Similar Degrees at Other Universities
If you’re curious about the Aerospace Engineering courses that are offered at other universities, feel free to check out our article about the Bachelor of Engineering Honours (Aeronautical Engineering) at USYD here!
Core Units for this Degree
As an engineering degree, Aerospace Engineering’s core units are deep-rooted with physics, mathematics and computer science. Your first few years will equip you with engineering basics before moving on to the specialised principles and practice of Aerospace Engineering.
In your first year, you will cover the fundamentals of maths, physics, computer science and engineering basics. Engineering units in your first year will involve students from Aerospace, Civil, Environment, Mechanical, Mechatronics and more to instil a standardised understanding of mechanics across all engineering majors.
In second year, you will diverge from other engineering streams and dive into electrical engineering, computer science, and more maths and physics. You will also start to engage in a team project unit such as DESN2000 to develop professional, project management and teamwork skills in a group to design a solution.
Third year becomes more mechanical focused with units such as AERO3630 Aerodynamics, AERO3660 Flight Performance and AERO3110 Aerospace Design to prepare you for your thesis development in your final fourth year.
Your final fourth year will require you to complete some Aerospace Engineering units or electives alongside developing, researching and completing your thesis. These Aerospace Engineering units include ARO4620 Dynamics of Aerospace Vehicles, where you learn about the details of aerial flight including vehicle management, airborne sensors, navigation and avionics integration.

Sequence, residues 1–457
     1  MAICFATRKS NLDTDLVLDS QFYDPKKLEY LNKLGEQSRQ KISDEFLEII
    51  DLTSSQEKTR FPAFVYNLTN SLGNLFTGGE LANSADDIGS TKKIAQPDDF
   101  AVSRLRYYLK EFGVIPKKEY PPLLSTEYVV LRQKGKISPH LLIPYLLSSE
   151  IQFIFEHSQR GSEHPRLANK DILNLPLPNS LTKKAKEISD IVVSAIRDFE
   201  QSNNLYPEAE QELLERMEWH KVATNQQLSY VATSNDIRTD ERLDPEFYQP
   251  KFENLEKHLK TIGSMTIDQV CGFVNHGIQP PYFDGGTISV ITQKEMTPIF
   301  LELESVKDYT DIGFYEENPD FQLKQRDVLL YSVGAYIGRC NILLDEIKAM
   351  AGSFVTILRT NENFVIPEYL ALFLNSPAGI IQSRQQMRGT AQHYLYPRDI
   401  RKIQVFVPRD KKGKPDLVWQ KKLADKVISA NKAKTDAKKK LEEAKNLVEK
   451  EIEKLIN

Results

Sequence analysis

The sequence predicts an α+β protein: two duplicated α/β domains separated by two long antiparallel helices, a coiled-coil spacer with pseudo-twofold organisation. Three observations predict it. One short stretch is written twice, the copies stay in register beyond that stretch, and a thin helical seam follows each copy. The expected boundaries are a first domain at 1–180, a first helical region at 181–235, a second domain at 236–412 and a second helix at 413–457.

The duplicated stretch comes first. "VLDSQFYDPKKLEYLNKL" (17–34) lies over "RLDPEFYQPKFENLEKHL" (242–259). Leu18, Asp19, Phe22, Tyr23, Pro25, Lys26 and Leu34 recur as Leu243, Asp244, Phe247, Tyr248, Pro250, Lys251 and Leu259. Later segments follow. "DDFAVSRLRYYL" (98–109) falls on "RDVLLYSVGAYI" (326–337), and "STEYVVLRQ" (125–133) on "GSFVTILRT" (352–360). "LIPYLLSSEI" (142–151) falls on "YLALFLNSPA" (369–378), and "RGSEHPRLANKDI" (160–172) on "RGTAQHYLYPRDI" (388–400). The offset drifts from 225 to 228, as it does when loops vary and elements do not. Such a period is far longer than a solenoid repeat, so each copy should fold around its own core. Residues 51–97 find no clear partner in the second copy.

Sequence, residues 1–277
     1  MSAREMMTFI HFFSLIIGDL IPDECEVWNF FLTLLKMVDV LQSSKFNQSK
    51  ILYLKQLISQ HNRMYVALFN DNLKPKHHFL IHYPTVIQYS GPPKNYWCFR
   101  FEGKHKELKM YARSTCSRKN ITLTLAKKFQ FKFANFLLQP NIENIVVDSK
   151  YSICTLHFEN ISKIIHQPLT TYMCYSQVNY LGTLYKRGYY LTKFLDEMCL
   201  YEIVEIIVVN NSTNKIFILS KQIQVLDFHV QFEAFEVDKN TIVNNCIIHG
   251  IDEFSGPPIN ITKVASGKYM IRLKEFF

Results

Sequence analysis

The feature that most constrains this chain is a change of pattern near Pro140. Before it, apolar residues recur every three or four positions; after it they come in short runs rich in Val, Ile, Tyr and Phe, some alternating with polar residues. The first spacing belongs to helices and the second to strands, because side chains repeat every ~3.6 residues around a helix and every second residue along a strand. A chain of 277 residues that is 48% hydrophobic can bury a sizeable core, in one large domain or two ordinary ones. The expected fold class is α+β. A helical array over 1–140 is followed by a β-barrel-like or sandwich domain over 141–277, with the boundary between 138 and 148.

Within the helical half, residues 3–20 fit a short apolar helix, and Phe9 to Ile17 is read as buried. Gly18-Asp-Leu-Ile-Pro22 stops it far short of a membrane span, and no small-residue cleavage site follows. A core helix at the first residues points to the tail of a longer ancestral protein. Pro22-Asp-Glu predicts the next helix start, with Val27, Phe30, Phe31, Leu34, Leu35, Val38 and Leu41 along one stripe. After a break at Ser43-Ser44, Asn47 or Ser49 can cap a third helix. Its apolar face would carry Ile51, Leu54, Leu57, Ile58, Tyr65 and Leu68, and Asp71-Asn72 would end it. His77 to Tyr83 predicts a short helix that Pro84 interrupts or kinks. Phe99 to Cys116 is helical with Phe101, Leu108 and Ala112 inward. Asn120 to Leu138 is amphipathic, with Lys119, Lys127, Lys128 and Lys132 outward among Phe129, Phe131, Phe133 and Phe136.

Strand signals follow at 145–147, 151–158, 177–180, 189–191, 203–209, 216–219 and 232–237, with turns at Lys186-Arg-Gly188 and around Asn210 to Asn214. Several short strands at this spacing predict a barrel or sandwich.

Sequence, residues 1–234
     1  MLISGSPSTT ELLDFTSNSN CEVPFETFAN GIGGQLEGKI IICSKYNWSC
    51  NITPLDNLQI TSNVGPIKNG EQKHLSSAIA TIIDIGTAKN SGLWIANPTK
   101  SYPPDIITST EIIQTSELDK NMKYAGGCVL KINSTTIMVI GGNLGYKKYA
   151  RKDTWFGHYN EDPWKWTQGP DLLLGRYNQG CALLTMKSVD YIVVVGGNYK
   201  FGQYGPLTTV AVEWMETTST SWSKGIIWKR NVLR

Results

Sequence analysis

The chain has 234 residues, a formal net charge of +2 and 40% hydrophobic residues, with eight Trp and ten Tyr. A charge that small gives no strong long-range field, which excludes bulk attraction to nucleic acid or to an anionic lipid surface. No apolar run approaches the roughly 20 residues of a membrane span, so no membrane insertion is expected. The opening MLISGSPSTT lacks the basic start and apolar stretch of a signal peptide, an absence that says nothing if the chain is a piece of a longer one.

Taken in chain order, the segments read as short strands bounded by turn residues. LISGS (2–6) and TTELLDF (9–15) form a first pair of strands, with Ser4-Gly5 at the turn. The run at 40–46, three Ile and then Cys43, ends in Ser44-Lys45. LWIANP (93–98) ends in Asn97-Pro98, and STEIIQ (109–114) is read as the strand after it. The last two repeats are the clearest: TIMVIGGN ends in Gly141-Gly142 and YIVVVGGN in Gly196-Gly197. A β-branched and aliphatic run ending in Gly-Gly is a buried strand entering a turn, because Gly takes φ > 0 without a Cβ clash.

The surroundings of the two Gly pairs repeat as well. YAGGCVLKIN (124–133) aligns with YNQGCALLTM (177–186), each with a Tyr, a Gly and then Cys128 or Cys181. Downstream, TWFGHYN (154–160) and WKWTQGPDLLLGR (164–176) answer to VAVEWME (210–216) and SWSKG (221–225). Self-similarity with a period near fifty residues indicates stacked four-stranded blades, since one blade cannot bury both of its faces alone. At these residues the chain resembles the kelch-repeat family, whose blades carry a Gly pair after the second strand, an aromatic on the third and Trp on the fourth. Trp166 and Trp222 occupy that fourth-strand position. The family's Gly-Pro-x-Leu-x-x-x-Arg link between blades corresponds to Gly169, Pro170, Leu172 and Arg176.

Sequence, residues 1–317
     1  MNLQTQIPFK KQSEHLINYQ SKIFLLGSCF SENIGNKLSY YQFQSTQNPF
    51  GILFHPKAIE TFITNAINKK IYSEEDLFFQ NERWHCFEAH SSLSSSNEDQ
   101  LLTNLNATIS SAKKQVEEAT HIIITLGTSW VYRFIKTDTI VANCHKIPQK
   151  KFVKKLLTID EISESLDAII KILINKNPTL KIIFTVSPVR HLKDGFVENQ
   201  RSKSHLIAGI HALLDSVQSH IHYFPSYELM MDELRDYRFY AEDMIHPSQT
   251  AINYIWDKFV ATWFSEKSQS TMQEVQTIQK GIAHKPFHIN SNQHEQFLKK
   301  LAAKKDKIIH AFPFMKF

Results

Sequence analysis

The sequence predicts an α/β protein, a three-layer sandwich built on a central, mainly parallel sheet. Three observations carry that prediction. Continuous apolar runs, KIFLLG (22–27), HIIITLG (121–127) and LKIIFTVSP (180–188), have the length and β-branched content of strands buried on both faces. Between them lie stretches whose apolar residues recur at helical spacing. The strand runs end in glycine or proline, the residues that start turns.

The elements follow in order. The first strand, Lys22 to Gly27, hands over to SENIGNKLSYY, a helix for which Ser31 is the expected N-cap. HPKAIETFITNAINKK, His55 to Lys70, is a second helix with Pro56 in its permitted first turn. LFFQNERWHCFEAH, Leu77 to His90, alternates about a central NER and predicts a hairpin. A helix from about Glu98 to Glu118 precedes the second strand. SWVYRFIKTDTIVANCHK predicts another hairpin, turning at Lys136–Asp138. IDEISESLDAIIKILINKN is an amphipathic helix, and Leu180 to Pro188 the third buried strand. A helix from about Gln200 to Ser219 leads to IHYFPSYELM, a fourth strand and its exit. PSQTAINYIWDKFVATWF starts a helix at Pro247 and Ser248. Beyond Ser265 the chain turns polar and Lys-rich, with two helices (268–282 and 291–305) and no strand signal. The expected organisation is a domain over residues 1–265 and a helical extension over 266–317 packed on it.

What are General Knowledge units?
To complete your degree, you will also need to study General Education units, which are typically basic first year courses from outside of the Engineering Faculty such as medicine, commerce or science. It’s a great way to broaden your experience!
You can complete your General Education units at any point in your degree!
For more information about UNSW’s General Education program, head here.
What electives are available?
If you’re not doing a double degree, UNSW also provides a diverse range of electives to choose from in your second year. Electives are different to General Education Units as electives are harder Science, Technology, Engineering and Maths (STEM) subjects.
Again, you can complete your elective units at any point in your degree!
You can find the available electives here.
How can you specialise in Aerospace Engineering?
UNSW’s Aerospace Engineering major is already a specialisation of engineering in your undergraduate years! If you are looking to specialise further, you can choose to pursue further studies through postgraduate research programs.
Check out UNSW’s postgraduate engineering programs here!
Are there any built-in internships?
While UNSW’s Aerospace Engineering degree does not provide any built-in internships, you are required to complete at least 60 days of approved industrial experience to complete your degree and be qualified for accreditation under Engineers Australia. As such, you will need to find and organise your own internship experiences.